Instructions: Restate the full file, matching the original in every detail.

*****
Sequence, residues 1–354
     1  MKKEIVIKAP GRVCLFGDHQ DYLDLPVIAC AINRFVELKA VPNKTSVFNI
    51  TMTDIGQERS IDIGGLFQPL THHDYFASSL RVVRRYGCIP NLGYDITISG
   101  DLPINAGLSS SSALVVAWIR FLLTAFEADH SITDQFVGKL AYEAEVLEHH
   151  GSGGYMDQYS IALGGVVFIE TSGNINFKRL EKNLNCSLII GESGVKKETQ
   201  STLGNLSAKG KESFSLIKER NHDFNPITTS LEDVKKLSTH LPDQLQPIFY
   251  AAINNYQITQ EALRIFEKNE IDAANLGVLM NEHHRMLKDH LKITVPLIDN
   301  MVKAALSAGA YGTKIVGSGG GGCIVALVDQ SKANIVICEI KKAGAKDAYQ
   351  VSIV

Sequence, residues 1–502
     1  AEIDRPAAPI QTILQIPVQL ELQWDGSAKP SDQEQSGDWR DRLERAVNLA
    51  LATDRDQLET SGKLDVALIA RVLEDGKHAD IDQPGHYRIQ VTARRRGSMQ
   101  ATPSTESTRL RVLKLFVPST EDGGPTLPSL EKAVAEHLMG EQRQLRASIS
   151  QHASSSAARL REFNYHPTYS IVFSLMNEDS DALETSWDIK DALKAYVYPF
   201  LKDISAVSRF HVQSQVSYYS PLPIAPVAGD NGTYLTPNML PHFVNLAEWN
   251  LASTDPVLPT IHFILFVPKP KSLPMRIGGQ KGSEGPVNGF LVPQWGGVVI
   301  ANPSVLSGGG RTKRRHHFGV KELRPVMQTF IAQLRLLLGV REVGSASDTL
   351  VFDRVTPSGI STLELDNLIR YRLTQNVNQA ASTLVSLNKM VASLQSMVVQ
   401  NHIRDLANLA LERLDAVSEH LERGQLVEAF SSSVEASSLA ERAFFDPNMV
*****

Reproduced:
Sequence, residues 1–354
     1  MKKEIVIKAP GRVCLFGDHQ DYLDLPVIAC AINRFVELKA VPNKTSVFNI
    51  TMTDIGQERS IDIGGLFQPL THHDYFASSL RVVRRYGCIP NLGYDITISG
   101  DLPINAGLSS SSALVVAWIR FLLTAFEADH SITDQFVGKL AYEAEVLEHH
   151  GSGGYMDQYS IALGGVVFIE TSGNINFKRL EKNLNCSLII GESGVKKETQ
   201  STLGNLSAKG KESFSLIKER NHDFNPITTS LEDVKKLSTH LPDQLQPIFY
   251  AAINNYQITQ EALRIFEKNE IDAANLGVLM NEHHRMLKDH LKITVPLIDN
   301  MVKAALSAGA YGTKIVGSGG GGCIVALVDQ SKANIVICEI KKAGAKDAYQ
   351  VSIV

Sequence, residues 1–502
     1  AEIDRPAAPI QTILQIPVQL ELQWDGSAKP SDQEQSGDWR DRLERAVNLA
    51  LATDRDQLET SGKLDVALIA RVLEDGKHAD IDQPGHYRIQ VTARRRGSMQ
   101  ATPSTESTRL RVLKLFVPST EDGGPTLPSL EKAVAEHLMG EQRQLRASIS
   151  QHASSSAARL REFNYHPTYS IVFSLMNEDS DALETSWDIK DALKAYVYPF
   201  LKDISAVSRF HVQSQVSYYS PLPIAPVAGD NGTYLTPNML PHFVNLAEWN
   251  LASTDPVLPT IHFILFVPKP KSLPMRIGGQ KGSEGPVNGF LVPQWGGVVI
   301  ANPSVLSGGG RTKRRHHFGV KELRPVMQTF IAQLRLLLGV REVGSASDTL
   351  VFDRVTPSGI STLELDNLIR YRLTQNVNQA ASTLVSLNKM VASLQSMVVQ
   401  NHIRDLANLA LERLDAVSEH LERGQLVEAF SSSVEASSLA ERAFFDPNMV